Monday, December 20, 2010

Photography as evidence

The recurring theme in much of what I am reading about photography concerns the concept of "truth" and the acceptance that there is no such thing as photographic truth. Even in the absence of Photoshop, photographs may be staged and submitted as evidence of activity that has not taken place.  I have done a fair bit of traveling recently, last weekend was a trip home to the UK to visit my family prior to Christmas.  On the return flight I picked up a copy of The Independent and found the following article

Huge amounts of aid money is flowing from the west into Afghanistan and yet the population continue to starve.  Within the article was a short piece that mentioned that a great part of the problem is that aid is being appropriated by warlords and local con men.  A case in point was funding for a tractor repair factory in a part of the country deemed to dangerous for foreign visitors.  The recipient of the aid simply rented a few tractors, a small workshop and hired a few people to look busy.  This was all photographed and the subsequent pictures sent to the Washington agency responsible for the funding.  They were happy that all was going according to plan.  Amazing - even in the age of digital manipulation, such simple subterfuge is believed without question.  Even Daguerre could have pulled this one off.

Friday, December 3, 2010


I recently was asked to work an event as a photographer.  The event was an evening party between HP (my employer) and the German software company SAP.  I have discussed this in the "People and Place" blog:

However there was one activity as a result of the party that is very relevant to Digital Photographic Practice and that stemmed from the following photograph:

A fairly innocuous image (totally uncorrected) of the team that looks after the HP SAP relationship in Germany.  The reason they asked me to take it was that they needed a team photo for an upcoming newsletter and they wanted all 7 team members in a photo. 7?  Well this began the challenge, they forgot one of the team and by the time they realized that, he had left the party and headed to his hotel.  A quick look through the photos I had taken so far threw up the following image, he is the guy on the left.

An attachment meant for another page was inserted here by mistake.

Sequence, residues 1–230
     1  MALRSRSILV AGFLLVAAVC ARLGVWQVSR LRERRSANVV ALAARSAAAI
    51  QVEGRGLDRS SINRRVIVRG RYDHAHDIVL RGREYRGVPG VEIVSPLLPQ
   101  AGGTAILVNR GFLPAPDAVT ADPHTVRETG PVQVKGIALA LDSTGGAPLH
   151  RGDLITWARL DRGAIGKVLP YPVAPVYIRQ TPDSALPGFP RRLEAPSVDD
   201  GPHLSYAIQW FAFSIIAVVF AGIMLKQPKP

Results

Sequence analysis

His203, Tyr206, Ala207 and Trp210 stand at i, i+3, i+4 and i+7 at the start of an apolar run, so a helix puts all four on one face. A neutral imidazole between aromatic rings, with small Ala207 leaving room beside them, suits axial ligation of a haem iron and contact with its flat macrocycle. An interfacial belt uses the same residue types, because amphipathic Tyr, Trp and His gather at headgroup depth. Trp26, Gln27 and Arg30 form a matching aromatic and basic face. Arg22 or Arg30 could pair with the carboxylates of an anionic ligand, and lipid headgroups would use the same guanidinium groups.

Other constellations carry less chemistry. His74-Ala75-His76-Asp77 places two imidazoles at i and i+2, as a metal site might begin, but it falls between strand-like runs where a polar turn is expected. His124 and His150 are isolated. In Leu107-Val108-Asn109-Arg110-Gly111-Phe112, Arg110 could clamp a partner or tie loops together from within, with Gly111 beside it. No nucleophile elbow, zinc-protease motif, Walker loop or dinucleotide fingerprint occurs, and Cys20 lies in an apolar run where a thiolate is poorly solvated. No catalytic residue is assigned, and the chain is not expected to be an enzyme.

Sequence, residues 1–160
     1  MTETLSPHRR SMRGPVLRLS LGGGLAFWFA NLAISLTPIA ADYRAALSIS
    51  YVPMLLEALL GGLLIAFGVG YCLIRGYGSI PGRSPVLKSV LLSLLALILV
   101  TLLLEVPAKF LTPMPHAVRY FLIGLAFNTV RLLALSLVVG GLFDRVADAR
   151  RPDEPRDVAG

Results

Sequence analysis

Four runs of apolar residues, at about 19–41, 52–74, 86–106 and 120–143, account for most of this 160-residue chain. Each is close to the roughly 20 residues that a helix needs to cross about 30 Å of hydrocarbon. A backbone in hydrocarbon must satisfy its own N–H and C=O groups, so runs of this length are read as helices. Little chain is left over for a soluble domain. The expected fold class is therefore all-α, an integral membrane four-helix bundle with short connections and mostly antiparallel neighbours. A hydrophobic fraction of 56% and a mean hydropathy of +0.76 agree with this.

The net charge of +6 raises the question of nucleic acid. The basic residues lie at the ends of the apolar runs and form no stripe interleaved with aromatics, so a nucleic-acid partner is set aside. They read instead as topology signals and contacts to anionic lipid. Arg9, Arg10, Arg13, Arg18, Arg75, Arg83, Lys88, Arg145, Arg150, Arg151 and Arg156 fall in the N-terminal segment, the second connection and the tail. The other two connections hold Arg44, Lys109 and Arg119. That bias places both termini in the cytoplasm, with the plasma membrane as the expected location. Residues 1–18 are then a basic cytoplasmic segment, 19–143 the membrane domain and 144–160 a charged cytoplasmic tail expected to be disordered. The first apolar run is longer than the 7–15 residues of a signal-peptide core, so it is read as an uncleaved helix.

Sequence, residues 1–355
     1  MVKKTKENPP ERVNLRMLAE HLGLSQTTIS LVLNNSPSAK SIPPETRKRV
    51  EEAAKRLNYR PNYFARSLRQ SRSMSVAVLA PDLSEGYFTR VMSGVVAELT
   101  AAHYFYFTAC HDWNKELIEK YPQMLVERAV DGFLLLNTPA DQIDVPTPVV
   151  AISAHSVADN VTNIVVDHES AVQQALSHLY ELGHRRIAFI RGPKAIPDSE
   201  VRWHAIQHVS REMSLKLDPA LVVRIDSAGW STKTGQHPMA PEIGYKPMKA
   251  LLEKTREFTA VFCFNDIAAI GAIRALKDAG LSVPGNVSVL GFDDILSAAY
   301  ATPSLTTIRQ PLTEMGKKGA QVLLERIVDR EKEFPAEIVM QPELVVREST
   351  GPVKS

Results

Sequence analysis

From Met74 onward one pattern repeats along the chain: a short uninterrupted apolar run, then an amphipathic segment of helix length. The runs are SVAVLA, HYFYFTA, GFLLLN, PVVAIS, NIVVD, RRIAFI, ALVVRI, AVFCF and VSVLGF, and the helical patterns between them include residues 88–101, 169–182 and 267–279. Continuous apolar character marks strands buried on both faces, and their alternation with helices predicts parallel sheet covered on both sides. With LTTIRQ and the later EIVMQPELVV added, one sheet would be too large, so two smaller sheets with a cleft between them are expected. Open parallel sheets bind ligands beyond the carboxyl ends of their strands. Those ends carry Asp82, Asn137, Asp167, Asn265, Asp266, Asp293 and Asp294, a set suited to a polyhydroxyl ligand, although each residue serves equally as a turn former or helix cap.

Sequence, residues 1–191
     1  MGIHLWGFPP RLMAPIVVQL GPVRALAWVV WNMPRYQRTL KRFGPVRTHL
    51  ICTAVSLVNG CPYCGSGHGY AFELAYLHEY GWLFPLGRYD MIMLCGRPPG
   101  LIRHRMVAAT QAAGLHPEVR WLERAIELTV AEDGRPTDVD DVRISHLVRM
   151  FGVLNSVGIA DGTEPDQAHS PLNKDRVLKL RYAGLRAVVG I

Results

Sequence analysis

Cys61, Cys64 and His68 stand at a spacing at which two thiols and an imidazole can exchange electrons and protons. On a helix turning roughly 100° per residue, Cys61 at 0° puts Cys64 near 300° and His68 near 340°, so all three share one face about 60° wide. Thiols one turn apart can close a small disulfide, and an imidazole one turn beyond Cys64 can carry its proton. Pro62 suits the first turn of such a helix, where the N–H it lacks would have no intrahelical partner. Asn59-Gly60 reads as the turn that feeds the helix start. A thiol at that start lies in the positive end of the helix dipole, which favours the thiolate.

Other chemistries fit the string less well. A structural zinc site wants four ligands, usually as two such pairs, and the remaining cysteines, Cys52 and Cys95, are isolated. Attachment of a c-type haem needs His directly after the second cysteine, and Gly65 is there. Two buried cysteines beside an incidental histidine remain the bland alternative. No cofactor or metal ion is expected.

So the request, well you must be good at photoshop????  Hmm, I have never attempted such a thing, never been really interested in manipulating photographs to the extent of adding or removing people.  Well time to learn.  Luckily the two photographs were fairly similar in tonal properties and the background was unfussy in both.

  1.  I started by removing the missing guy from the second photograph by cutting away everything in the photo but him, setting the background to transparent.  
  2. I then did the same to the left side of the group photo, from the strong black line to the left.
  3. I extended the canvas of the group photo.
  4. To this I added a rectangular panel which I had shaded to the same tone as the wall on the right of the image, using a gradient fill.
  5. All that was then required was to drop the missing guy into the group image.  I adjusted his size and height in the image, based upon what I could recall of his stature.
He looks as if he is not terribly interested in the group photo and I do not think it is a very convincing image, but better than nothing and an interesting exercise. 

What I find scary about this, is that with very little knowledge of Photoshop I have been able to include a person in a photograph they were not present for and produce an image that fooled a couple of people that I showed it to.  What can an expert do? And what does this mean for the veracity of photography - well the answer to that is clear, digital photography has no veracity.